Amsterdam - Saab owner and luxury car maker Spyker is in talks with German peer BMW about parts and technology in a move that could help it reach a goal of trebling sales volumes.
Loss-making Saab, which was bought early this year by Dutch-listed Spyker from U.S.-based General Motors, is scheduled to sign a deal on Wednesday, Dutch public broadcaster NOS said, citing sources at the two car makers.
Spyker, which has never made a profit since its establishment in 2000, aims to boost sales at Saab to 120 000 cars per year in the long term from 40 000 last year.
"Spyker Cars N.V. ... has noted recent press speculation about the possible supply relationship with BMW. The Group confirms that talks are ongoing and will give further details once a final agreement has been reached," Spyker said in a statement.
Saab said it will make an announcement on Wednesday and hold a news conference in Sweden, while a BMW spokesman referred to the Saab conference and said it was in talks with other manufacturers "every now and then".
Saab wants to focus on building a smaller car using BMW technology, NOS said on Monday.
Spyker said in February, when it bought Saab, that the Swedish car maker would look at options of adding a fourth, smaller, car line to its three existing lines, and additional financing for this model could be needed.
"If a party (such) as BMW enters an alliance and has access to the books and can do some due diligence to know they won't be surprised it certainly gives hope." Keijser Capital trader Peter Jurgens said.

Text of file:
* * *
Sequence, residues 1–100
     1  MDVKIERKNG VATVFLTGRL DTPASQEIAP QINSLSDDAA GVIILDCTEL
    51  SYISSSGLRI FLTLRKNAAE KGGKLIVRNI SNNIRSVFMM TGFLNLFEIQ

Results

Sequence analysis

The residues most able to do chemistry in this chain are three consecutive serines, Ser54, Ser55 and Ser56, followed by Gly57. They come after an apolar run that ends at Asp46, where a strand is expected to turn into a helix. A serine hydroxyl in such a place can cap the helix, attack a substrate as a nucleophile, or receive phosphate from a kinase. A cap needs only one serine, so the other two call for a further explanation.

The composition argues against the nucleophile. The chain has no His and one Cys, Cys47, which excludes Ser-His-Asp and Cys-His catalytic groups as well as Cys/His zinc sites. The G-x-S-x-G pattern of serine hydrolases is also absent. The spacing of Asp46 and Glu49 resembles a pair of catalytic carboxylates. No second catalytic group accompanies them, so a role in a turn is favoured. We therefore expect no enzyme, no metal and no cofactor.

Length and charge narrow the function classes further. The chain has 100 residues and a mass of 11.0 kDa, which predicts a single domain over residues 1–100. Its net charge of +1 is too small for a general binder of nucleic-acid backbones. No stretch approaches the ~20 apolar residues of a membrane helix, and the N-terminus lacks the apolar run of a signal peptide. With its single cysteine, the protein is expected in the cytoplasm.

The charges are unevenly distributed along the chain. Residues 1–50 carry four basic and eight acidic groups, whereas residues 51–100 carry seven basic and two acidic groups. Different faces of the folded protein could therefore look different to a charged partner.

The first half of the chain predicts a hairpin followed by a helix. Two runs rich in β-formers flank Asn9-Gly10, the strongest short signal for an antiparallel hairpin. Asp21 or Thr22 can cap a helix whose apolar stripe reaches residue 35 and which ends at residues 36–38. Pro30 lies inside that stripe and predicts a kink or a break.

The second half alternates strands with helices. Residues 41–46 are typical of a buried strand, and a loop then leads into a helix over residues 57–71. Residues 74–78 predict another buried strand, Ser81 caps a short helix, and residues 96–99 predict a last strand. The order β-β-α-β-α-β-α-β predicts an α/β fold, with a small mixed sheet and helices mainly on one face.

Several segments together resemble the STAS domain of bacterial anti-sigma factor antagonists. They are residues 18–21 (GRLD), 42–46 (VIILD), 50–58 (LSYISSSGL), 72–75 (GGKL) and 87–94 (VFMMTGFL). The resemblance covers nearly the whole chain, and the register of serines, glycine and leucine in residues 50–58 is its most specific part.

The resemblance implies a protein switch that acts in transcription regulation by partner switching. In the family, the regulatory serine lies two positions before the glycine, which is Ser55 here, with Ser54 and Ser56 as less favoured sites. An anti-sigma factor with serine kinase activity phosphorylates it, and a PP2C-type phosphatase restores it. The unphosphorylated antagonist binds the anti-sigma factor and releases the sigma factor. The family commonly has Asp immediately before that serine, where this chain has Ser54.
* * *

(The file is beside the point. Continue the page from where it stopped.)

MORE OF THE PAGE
A deal could help Spyker obtain new technology and help it cope with a negative shareholders equity value of 126 million euros, as liabilities surpassed assets in June.
Car makers globally are keen on partnerships to develop cars or exchange technology to save costs.
This summer, France's Renault-Nissan Alliance and India's Bajaj Auto and the duo Mitsubishi Motors and PSA Peugeot Citroen signed deals to jointly develop cars.
"The biggest costs for a car maker are marketing and development. If you can share development with others it will quickly help cut costs," said trader Jurgens.
Saab could continue to use GM technology despite the change of ownership but was also free to use parts of other car makers, a Saab spokesman said. Saab's 9-5 model uses about 30 percent GM parts or technology
In June, a Swedish daily reported that Saab was in talks with BMW to use its engines and transmissions in a new version of the 9-2 model.